Wednesday, November 12, 2008

Could the USA lose its AAA bond rating?

Some say that with rising debt levels – the financial bailout built up projected increases due to entitlement costs – the U.S. Treasury could eventually lose its AAA rating on government bonds, which would imply higher interest rates for the government and for all Americans. This story on CNBC discusses the issue. Analysts from the major bond rating agencies – Moody's and Standard & Poor's – raised the issue of sovereign debt downgrades even before the financial crisis hit, solely based on rising costs for Social Security and Medicare and the government's seeming inability to address them.

How would this matter? Two ways. On one hand, a bond downgrade might finally spur Congress to action, as the first concrete evidence of the cost of our failure to address rising entitlement costs in a timely way.

But on the other hand, if falling bond ratings imply higher interest rates, this would have a paradoxical effect on the measured Social Security and Medicare shortfalls: they would go down. The reason is that the Social Security and Medicare deficits are calculated as "present values," which means that future dollar deficits are discounted back to the present using the government bond interest rate. For example, at the current assumed long-term interest rate of 2.9% above inflation, a Social Security deficit in 2080 of $500 billion has a present value of $64 billion. Now let's assume that Treasury bonds are downgraded and must now pay a higher interest rate – say, 3.9% above inflation. In that case, the same $500 billion real dollar deficit in 2080 now has a present value of only $32 billion.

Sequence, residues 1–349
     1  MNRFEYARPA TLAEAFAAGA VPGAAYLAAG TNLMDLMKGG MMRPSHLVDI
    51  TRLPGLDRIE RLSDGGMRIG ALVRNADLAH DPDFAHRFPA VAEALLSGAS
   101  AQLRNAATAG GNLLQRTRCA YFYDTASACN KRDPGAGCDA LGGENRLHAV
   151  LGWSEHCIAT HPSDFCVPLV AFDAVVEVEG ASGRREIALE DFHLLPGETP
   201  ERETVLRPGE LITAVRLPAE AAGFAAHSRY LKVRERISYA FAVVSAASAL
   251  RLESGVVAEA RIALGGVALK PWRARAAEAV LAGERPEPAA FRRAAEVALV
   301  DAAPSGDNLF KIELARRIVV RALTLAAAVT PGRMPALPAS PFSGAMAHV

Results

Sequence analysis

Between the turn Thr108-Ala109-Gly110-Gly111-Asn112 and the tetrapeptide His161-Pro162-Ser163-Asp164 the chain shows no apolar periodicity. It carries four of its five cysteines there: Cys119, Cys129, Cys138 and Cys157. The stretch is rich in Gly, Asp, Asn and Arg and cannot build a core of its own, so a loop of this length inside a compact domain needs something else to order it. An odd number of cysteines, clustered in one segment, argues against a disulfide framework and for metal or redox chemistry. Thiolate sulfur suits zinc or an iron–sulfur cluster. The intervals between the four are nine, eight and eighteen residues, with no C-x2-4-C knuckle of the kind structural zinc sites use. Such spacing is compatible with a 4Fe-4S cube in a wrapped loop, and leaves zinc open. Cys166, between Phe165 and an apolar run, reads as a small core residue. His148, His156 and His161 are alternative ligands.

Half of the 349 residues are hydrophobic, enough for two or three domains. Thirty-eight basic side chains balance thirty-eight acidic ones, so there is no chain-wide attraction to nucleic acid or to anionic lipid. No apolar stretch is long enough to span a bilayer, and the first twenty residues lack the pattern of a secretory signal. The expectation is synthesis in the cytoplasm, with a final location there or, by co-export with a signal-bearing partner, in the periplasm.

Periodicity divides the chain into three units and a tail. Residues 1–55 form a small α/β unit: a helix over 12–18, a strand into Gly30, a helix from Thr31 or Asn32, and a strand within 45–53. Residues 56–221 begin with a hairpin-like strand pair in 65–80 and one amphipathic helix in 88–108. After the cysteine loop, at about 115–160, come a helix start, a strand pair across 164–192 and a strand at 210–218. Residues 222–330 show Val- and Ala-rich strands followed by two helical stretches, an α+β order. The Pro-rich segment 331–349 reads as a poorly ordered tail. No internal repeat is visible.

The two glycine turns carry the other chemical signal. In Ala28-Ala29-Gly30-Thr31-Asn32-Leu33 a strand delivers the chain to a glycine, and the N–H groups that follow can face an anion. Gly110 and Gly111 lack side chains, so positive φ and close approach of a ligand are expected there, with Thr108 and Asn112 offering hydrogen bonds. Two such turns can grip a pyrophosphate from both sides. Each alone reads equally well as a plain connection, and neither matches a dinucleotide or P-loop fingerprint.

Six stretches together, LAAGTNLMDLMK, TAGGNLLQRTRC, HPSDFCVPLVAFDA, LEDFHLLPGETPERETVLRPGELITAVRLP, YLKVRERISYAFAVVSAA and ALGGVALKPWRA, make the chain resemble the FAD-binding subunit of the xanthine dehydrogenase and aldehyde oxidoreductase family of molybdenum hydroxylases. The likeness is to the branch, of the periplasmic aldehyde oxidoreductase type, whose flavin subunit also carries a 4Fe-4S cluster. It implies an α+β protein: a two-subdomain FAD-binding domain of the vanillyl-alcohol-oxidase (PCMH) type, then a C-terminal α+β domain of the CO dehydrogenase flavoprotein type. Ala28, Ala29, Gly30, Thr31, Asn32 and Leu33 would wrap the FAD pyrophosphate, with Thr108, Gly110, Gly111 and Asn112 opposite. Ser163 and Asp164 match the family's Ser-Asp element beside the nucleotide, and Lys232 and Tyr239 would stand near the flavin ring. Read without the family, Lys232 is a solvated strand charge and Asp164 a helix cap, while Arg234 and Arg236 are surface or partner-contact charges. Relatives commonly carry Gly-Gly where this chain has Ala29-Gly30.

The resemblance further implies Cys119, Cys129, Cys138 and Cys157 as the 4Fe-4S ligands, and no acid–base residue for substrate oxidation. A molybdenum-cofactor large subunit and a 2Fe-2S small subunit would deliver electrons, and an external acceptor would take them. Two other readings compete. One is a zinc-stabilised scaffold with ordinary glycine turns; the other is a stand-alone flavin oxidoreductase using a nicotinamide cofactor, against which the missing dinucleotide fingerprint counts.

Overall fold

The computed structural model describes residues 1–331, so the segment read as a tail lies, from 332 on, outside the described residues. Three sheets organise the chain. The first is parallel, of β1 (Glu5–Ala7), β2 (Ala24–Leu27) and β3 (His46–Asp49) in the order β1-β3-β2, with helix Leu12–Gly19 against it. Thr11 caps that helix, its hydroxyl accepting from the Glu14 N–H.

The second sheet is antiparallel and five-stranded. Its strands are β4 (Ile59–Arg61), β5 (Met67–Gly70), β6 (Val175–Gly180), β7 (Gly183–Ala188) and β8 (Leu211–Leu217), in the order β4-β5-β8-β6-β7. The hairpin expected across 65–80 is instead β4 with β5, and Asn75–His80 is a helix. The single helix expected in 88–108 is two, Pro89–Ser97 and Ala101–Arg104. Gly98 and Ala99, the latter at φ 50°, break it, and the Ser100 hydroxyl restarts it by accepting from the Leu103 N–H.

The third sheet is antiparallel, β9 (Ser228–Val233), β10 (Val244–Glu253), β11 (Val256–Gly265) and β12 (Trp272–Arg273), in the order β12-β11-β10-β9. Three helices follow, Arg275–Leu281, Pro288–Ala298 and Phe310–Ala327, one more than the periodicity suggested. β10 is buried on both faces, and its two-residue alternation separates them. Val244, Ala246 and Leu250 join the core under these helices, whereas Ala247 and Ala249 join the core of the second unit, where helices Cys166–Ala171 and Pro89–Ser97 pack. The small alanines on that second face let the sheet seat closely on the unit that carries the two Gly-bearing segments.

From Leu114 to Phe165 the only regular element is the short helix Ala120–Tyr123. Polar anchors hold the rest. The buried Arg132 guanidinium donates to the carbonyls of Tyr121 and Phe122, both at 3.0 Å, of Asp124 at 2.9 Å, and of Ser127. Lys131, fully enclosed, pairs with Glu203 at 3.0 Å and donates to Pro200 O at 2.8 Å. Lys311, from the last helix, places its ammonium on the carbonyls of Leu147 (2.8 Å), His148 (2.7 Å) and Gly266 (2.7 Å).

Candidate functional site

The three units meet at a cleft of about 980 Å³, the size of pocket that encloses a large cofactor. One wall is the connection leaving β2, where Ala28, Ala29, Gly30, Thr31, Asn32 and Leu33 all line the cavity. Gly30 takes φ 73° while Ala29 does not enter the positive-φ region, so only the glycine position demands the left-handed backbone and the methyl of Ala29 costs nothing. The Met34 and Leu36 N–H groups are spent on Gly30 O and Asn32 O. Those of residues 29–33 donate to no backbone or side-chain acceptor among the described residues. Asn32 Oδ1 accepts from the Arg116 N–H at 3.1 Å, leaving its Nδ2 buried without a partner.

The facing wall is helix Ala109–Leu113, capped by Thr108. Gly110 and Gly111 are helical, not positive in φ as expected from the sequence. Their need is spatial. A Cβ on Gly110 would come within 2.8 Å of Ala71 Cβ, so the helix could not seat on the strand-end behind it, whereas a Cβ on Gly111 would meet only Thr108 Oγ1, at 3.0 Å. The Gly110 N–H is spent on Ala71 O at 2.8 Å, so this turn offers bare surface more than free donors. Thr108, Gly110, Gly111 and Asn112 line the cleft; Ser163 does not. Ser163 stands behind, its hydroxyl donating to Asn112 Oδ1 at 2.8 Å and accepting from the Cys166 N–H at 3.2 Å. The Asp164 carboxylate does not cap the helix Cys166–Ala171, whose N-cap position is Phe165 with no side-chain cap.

Now, this is only accounting make-believe – the deficits are what they are, and the fact that we discount them as government interest rates that may rise as a result of our fiscal profligacy can't possibly make them smaller. But given Congressional inclinations to make no hard choices for as long as possible, surely someone would grasp onto this accounting curiosity as a reason to continue to do nothing. This highlights the important role of how we measure entitlement costs, and how those measures affect what we see and what we do about it.


bubbleRefuge said...

The fact that the bond rating agencies do not realize that there is no SS insolvency risk is an outrage. The treasury can fund anything it wants to denominated in dollars. The only constraints are operational rules. Note these are the
same agencies who failed to identify the sub-prime mortgage risk properly. You and the rating agencies are out of paradigm. The fact that such a well respected agency could be so wrong about the economic fundamentals -with nobody calling them out on it but a few- is a testament to the dire situation the financial system and the economy is in. We need a new economic policy leadership that recognizes what a soft-currency floating-fx rate monetary system is and how to architect policy around it.

MS said...